(Last Updated On: May 22, 2010)
After an attempt to ski El Diente on Sunday (blog entry coming soon), Frank and I spent a day resting and making our way toward Aspen for an attempt on Pyramid. The weather forecast was not looking highly favorable- a 50% chance of snow after noon, but we were hoping to hit the line early, beating the oncoming weather.
The road to Maroon Lake was still closed, so we made sure to bring our bikes for the 6.5 mile ride. We began riding our bikes at midnight, and for the most part kept a decent pace minus some post-holing on lower sections of the trail. We approached via the summer route. Though stars surrounded us as we began, darkness became even darker as clouds began to roll in. As we made our way up to the ridge, we found ourselves in an out of snow squalls.
As we took a quick break on the ridge, we had to make a decision. Should we turn around, or actually try for the summit? Being in and out of squalls was difficult. We couldn’t tell if the squalls were going to get worse, or stay the same. As we looked to the west, a wall of dark clouds seemed to be heading straight toward us. The last thing we wanted was to be on the summit or attempting one of the crux moves as blizzard-conditions rolled in. Our other main concern was if the Landry line would ever get soft without some help from the sun, and an icy descent of Pyramid was a bad idea indeed. We knew the safer choice was to turn around. We had simply not beaten the weather.
Still, we’d made our decision. Though we were disappointed, we all felt good about making the safer choice. Pyramid and the Landry are tough in enough in good weather. We followed our ascent down into the amphitheater and then continued down the skiers left chute.
After being turned around on Sunday on El Diente, then again Tuesday, on Pyramid, my frustration grew. As the week progressed, and the forecast continued to not be favorable, my frustrations escalated. Currently, the forecast is far too windy to be hitting any of my remaining fourteeners (Pyramid, Mt. Wilson, and El Diente), except for Pikes Peak, which I am saving for last. Earlier in the week, the forecast was shrouded with snow, although at the last minute Thursday and Friday would have been perfect days to be on one of these lines. Simply put, the weather forecasters have been wrong about 50% of the time, which makes it difficult for me to actually make a plan to ski one of these lines.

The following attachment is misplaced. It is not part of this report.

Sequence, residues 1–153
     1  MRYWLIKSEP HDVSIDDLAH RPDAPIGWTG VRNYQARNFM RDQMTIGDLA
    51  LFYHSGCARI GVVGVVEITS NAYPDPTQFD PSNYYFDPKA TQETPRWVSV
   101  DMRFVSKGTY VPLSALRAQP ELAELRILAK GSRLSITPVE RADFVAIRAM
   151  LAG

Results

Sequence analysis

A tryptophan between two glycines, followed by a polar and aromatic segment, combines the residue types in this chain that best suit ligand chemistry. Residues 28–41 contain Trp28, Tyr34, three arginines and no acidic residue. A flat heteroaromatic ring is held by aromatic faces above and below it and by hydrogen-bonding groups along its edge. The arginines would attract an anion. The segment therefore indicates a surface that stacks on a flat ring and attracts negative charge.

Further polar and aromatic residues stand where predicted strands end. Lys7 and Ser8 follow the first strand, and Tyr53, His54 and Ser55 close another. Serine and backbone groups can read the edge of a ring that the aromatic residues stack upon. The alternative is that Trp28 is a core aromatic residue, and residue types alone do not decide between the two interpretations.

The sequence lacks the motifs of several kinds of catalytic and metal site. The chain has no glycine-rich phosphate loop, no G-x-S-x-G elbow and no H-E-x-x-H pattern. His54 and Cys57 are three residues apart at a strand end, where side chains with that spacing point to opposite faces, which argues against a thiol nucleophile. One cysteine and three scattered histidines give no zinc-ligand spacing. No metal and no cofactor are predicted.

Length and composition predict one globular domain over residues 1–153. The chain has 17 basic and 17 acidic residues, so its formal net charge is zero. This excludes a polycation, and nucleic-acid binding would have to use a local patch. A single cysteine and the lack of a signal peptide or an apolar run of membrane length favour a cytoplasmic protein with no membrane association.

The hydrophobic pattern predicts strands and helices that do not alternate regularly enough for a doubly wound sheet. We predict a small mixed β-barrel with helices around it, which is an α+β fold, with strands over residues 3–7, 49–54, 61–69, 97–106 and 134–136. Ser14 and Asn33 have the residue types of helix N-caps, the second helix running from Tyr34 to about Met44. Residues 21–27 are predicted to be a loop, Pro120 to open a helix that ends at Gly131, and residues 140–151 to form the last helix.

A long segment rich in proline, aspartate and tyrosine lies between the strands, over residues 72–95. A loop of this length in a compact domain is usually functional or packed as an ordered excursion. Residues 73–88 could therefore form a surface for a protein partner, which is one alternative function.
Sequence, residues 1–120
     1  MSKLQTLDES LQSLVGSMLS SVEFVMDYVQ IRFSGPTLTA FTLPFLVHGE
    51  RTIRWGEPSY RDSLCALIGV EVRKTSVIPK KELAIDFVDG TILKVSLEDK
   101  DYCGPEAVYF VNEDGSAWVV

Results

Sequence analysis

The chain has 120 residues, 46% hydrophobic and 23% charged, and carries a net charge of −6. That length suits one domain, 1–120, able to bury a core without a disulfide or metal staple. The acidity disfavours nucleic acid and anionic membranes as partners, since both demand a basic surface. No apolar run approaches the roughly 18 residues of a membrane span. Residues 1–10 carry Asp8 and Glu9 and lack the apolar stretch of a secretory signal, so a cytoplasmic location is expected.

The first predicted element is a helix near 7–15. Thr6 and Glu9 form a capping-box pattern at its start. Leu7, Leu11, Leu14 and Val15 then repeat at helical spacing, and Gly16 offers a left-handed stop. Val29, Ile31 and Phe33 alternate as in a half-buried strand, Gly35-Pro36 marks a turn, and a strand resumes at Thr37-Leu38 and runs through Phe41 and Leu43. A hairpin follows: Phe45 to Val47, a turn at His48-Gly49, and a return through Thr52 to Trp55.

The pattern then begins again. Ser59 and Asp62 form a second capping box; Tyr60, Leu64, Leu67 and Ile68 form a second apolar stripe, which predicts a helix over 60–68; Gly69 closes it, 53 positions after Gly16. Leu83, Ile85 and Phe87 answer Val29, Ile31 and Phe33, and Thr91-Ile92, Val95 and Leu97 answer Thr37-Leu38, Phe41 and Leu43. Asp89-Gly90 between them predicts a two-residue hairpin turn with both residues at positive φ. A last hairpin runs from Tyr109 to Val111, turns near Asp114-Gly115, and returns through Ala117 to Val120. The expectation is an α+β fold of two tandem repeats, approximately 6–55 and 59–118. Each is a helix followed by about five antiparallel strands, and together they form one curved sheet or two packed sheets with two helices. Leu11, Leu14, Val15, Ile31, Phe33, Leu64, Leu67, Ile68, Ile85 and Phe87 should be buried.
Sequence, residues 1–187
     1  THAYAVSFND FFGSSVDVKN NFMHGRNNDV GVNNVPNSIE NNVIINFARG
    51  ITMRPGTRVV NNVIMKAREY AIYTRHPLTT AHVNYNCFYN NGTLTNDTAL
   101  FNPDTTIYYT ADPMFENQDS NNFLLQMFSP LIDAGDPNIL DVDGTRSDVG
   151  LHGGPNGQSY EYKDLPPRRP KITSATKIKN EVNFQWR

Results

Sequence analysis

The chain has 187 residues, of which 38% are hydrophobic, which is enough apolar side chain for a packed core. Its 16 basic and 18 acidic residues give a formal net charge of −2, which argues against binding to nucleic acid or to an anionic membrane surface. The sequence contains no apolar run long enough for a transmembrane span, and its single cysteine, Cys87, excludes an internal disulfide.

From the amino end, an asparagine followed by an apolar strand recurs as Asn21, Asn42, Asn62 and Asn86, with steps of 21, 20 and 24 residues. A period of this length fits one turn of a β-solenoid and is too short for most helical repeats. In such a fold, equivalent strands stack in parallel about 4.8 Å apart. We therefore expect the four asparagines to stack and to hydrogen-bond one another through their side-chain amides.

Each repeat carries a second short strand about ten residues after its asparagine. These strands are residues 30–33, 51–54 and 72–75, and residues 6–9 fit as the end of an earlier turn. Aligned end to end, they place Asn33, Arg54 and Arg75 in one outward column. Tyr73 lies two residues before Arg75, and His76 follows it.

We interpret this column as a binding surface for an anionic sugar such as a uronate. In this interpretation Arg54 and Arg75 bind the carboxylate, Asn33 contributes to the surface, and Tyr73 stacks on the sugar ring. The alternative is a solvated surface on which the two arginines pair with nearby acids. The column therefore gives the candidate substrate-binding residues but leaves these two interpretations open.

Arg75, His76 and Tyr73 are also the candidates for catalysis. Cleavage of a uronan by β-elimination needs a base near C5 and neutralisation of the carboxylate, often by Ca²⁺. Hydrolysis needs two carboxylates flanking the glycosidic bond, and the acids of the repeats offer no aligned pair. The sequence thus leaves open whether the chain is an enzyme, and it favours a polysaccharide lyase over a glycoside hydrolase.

As the days go by, the snow is melting fast. The Landry line on Pyramid was barely in as it was when I saw it on Tuesday- it simply is not in that good of shape. Unfortunately, I have to face the fact that this combination of factors is not shaping up in my favor to finish my fourteeners this season. If I cannot ski the Landry in the next couple of days, it will not happen this spring. I must say, looking at the shape the Landry line was in does not really inspire me to ski it this year. Maybe it’s better if I go back next season and hit it in better conditions.
I have to admit that I am deeply saddened to think that I will not likely finish my fourteener project this year. Coming off of Capitol two weeks ago created such a high, and a huge momentum. I feel like that momentum came to an abrupt halt last weekend, after failures on both El Diente and Pyramid. The continued poor weather keeps these failures festering in my mind, reliving them over and over again. I’m simply frustrated.
However, I cannot change the weather and I cannot go back and change the past. If I have to finish next year, then that’s how it has to be. Like I said in a recent blog post, my goal was to finish all the 14ers, finish all of them safely, and finish all of them in 5 years. Even next year is within that 5-year plan.
Assuming Pyramid is out for the season, I will still try to go back an attempt El Diente once again, and also hopefully ski Mt. Wilson then too. It would be great to have only two fourteeners remaining for next year. While I am not sure I can finish my fourteeners this spring, I am still determined to finish the season on a success. In addition, I’m looking forward to skiing many other prospective lines around Crested Butte and in other areas of Colorado that are also on my wish list. There is still plenty more skiing to be done this spring!
Even for serious peaks like Pyramid and Capitol, Frank and I love our lightweight CAMP crampons!
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